You’re a guy. A sports team gets your attention -- not your facial skin. But here’s a news flash: If you want to look good, you’ve got to deal with your skin.

Quiz: How Healthy Is Your Skin?

“If men want to keep skin youthful and healthy looking, they’ve got to make skin care a part of their daily regimen,” says Mathew Avram, MD, JD, director of the Dermatology, Laser and Cosmetic Center at Massachusetts General Hospital. He’s also a faculty member at Harvard Medical School.

Sun and smoking are your face’s worst enemies because both cause skin damage and wrinkling. “If you smoke, quit,” Avram tells WebMD. “Using a moisturizer with sunblock is a very effective way to prevent aging and wrinkling.”

Getting a great shave is also the key to healthy skin. Following these six steps will ensure you get a smooth, silky shave:

--Shave in a warm shower, or carefully put a hot, wet towel over your face for a few minutes before shaving.

--Massage shaving cream or gels into skin.

--Don’t shave too close. Use single-edged razors to protect skin from irritation. You’ll also reduce potential for ingrown hairs -- especially if your beard is curly.

--Shave only in one direction if you tend to get ingrown hairs. Shave in the direction of hair growth.

--Wash with plenty of water. Pat gently with a towel; don’t rub.

--Apply moisturizing cream (containing sunblock) to soothe and protect the skin.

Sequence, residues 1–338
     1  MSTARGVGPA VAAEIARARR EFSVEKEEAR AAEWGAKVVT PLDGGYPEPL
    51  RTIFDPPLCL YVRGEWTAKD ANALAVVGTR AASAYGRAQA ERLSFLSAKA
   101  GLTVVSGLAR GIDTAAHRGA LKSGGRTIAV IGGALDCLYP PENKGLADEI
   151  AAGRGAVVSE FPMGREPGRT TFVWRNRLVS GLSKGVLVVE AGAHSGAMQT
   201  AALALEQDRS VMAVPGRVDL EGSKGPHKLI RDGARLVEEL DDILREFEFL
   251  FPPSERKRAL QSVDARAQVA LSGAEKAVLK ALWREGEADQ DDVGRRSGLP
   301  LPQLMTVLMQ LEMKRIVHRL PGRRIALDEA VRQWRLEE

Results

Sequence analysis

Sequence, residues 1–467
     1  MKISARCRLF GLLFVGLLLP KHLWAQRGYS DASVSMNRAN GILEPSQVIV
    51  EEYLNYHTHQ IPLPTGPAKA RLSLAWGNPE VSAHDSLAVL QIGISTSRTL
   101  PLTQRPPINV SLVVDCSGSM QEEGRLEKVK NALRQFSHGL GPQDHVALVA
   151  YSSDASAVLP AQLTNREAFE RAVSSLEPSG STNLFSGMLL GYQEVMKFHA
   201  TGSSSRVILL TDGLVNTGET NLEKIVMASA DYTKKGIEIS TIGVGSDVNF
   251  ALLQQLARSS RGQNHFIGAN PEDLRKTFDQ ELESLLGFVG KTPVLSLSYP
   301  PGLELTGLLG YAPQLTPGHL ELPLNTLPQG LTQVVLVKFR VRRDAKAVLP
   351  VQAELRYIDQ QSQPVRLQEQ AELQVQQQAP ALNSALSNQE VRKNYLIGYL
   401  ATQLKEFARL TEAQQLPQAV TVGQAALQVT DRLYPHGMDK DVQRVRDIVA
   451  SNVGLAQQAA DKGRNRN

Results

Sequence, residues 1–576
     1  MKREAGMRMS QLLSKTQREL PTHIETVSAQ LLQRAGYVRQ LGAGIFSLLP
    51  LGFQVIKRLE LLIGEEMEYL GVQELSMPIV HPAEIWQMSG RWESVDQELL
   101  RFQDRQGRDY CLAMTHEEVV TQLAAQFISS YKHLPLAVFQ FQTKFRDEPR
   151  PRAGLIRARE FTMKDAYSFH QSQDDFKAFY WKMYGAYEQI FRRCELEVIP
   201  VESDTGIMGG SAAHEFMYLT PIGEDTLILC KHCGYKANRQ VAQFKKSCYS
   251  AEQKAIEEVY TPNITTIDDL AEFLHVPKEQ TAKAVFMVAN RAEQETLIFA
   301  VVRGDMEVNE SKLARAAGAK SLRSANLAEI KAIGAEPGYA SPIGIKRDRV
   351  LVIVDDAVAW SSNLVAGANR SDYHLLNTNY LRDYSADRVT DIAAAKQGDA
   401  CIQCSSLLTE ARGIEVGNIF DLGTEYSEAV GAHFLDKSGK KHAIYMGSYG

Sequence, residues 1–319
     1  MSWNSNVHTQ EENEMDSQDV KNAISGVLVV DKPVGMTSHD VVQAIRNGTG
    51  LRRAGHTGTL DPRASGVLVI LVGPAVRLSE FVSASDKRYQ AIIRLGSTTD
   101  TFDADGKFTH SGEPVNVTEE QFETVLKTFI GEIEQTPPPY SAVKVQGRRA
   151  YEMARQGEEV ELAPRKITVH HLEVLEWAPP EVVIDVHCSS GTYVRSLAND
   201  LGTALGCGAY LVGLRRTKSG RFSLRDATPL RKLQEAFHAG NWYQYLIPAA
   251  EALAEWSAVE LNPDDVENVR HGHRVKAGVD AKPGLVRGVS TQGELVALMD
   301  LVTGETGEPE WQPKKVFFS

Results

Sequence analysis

For Men: How to Get a Close Shave

Though shaving is the extent of most men's skin care regimen, it's really only the beginning. Male skin can be prone to dryness and acne, and suffers the affects of the sun and aging, just as women's skin does, and therefore needs to be cared for as well. Here are some additional tips men can follow for healthy (manly) skin.

A Checklist for Great Guy Skin

Choosing skin products:

--Think “moisturizer” when buying soaps -- body and hand soaps, that is. -Buy a face moisturizer that contains sunblock or sunscreen. If you’ve got dry skin, buy a light moisturizing body lotion for summer. During winter months, buy heavier moisturizing creams or ointments. If dry skin is really a problem, thicker and greasier is better. Always use a good sunscreen outdoors (SPF 15 or higher).

--Preventing dry skin: Take lukewarm showers (instead of hot ones). Limit shower time to 5 or 10 minutes. Apply moisturizing lotion right after drying from the shower. Moisturize after washing hands.

--Controlling acne: Using a prescription retinol treatment like Retin-A, Renova, Tazorac, Avita, or Differin at night can make skin less prone to breakouts. Daily use of an antibiotic cream or benzoyl peroxide wash or gel can also help.

Skin Care for Acne-Prone Skin

By Jeanie Lerche Davis, reviewed by Brunilda Nazario, MD

SOURCES: Mathew Avram, MD, JD, director, Dermatology, Laser and Cosmetic Center, Massachusetts General Hospital; faculty member, Harvard Medical School. WebMD Medical Reference provided in collaboration with The Cleveland Clinic: "Cosmetic Procedures: Skin Care for Dry Skin." WebMD Daily Dose: "Soothe Dry Skin." WebMD Feature: “Getting a Close Shave.” WebMD Medical Reference from Healthwise: "Topical Retinoid Medications for Acne." WebMD Medical Reference provided in collaboration with The Cleveland Clinic: "Protecting Your Skin." American Academy of Dermatology: “Causes of Aging Skin.”